Juli is the co-owner of Mjölk a lifestyle shop and gallery located in the Junction neighbourhood of Toronto.
What is your morning routine?
Weekdays I wake at 6:30—or earlier, as our son tends to wake at 6am—and I get our five year old up; we have breakfast and get my daughter on the school bus. She has taken it upon herself to do all this all by herself, so yay for me! If it’s one of my three workdays, then my husband and I trade off on showering and watching our son until the nanny arrives, then downstairs to work. If it’s a non-work day, then I usually go out in the neighbourhood with our son who is almost three. Also coffee, of course. We are fortunate that our mornings are fairly relaxed.
Tell us about your career path
I am co-owner of Mjölk, a lifestyle shop and gallery located in the Junction neighbourhood of Toronto. When I first attended university, graphic design as a program of study didn’t exist. I had an emerging interest, but didn’t fancy myself art school material. So I completed a BA in Humanities and then my career path was pretty standard; a lot of entry level jobs that never progress, a lot of pencil-pushing, and ultimately, boredom.
I dabbled in graphic design, children’s publishing, interiors and product photography. Before I met my partner, I left my job to travel solo in Scandinavia and Europe for three months. When I returned I went to an art school to build a portfolio, then attended OCAD for art curation and photography. During my second year, I was becoming restless. The program wasn’t what I hoped for—I’m more hands on–and I was burnt out from having to redo so many classes in first year. I met my partner, and we started a lifestyle blog, kitka.ca at the start of 2009. I then left school and we started working on a plan to open a shop. We travelled that summer to Scandinavia and upon our return looked for a building. From that point things moved very quickly, and we opened mid-December 2009.
What challenges do you or women face in your industry?
As a specialty retailer, it’s an important part of our job to bridge the gap between customer and designer, for customers to understand what they are investing in. I am not sure about others, but for myself, my challenge is connecting with designers and artisans on that fundamental level. My husband has such a natural interest and therefore has a well of inspiration to contribute to a dialog. If given an opportunity to shine, I am capable of rising to the occasion, but I find I defer a lot to my partner. He tries to push me further, but since becoming a mother, I am finding that I am having to relearn who I am. My focus has been on my young children these last five years, but I am coming out of the fog and am becoming more engaged with my business every day.
What advice would you give to young girls who want to be the NEXT you?
All opportunities lead you on a path. They may seem unrelated but I find all of my experiences have helped me to be where I am now. I worked in publishing, explored art curation, was a photography assistant, worked in random retail shops. I do all of these things now, in one job!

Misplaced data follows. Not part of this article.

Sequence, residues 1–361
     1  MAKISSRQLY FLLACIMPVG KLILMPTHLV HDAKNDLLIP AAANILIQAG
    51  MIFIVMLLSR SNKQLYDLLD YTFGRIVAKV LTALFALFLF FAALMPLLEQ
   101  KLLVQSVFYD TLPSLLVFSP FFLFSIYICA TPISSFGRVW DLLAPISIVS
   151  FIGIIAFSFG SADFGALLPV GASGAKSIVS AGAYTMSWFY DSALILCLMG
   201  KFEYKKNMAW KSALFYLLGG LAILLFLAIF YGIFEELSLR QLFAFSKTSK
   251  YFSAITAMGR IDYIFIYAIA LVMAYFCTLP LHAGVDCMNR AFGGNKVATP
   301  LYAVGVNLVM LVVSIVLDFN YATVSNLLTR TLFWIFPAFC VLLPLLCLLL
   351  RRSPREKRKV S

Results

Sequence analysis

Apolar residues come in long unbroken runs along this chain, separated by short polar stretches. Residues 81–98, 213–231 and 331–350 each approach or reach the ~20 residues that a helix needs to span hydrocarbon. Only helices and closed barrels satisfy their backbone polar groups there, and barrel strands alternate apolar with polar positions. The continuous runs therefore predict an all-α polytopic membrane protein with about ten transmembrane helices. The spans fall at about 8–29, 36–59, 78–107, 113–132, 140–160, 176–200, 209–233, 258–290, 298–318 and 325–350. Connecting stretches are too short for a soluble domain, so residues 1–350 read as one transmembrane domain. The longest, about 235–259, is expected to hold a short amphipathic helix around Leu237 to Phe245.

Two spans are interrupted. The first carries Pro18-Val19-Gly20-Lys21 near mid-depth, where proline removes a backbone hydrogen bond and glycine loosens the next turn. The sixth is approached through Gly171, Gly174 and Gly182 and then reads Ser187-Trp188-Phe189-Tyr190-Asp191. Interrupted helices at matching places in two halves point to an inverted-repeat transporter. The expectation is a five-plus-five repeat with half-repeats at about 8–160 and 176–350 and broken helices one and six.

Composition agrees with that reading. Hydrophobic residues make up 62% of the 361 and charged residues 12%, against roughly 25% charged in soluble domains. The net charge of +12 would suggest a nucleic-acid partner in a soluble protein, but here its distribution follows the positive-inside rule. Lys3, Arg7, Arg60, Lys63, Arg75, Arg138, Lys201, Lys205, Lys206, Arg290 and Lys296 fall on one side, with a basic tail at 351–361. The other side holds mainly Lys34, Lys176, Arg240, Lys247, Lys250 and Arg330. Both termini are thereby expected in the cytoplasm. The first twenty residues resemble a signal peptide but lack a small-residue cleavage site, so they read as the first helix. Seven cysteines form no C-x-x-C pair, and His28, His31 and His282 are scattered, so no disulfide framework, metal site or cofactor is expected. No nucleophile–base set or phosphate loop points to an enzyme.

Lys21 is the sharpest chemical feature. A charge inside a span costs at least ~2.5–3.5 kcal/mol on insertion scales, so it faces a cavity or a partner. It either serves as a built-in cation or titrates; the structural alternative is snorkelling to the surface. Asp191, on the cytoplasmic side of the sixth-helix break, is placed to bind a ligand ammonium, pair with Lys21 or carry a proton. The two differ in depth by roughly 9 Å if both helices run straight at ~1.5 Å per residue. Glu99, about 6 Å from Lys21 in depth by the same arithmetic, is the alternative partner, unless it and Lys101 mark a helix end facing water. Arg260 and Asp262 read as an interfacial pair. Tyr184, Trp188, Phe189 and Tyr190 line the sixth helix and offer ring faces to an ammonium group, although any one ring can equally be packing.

How do you separate work life from your personal life?
This is a tricky one for sure. I have been joking lately that we don’t have a work life balance, but it’s not that we work too much, it’s that we life too much! Our small children have really commanded a lot of our attention, and although it’s been very challenging, I am thankful for all the time we’ve had during their early years. Soon enough, our youngest will be in school, and then we will be able to have full work days, which will be great professionally.
We are fortunate to have inherited a summer cottage, which we escape to for as much of the summer as we can. Living and working in the same building is mostly fantastic, but sometimes we just need to leave it all behind and separate from the worries and random daily trials. Thankfully we have great staff that help facilitate this escape.
What inspires you?
Honestly, my current inspiration is derived from my role as a parent. I’ve had to learn a new way of being, which has probably been the biggest challenge of my life. Just recently, I am starting to see the results of the work I have put in during the last five months of active engagement, and it’s remarkable. There’s this idea that one has a baby and is automatically a parent, but I think that parenthood requires the pushing of your own boundaries, of the seeking of new possibilities. Most people get stuck in what they know, but it’s up to us to break free of that and continue to grow and develop, alongside our children.
I am hoping creative inspiration will follow these efforts.
When you’re off the clock, what are your indulgences?
I have no idea what being off the clock means. I mean, I am easily off the clock with regards to my business, but my kids prevent me from any sort of indulgences…after they go to bed I am lucky to make it through a TV show. I guess reading is an indulgence and I get annoyed if I am too tired. Peace and quiet, alone time. Now THAT’s an indulgence.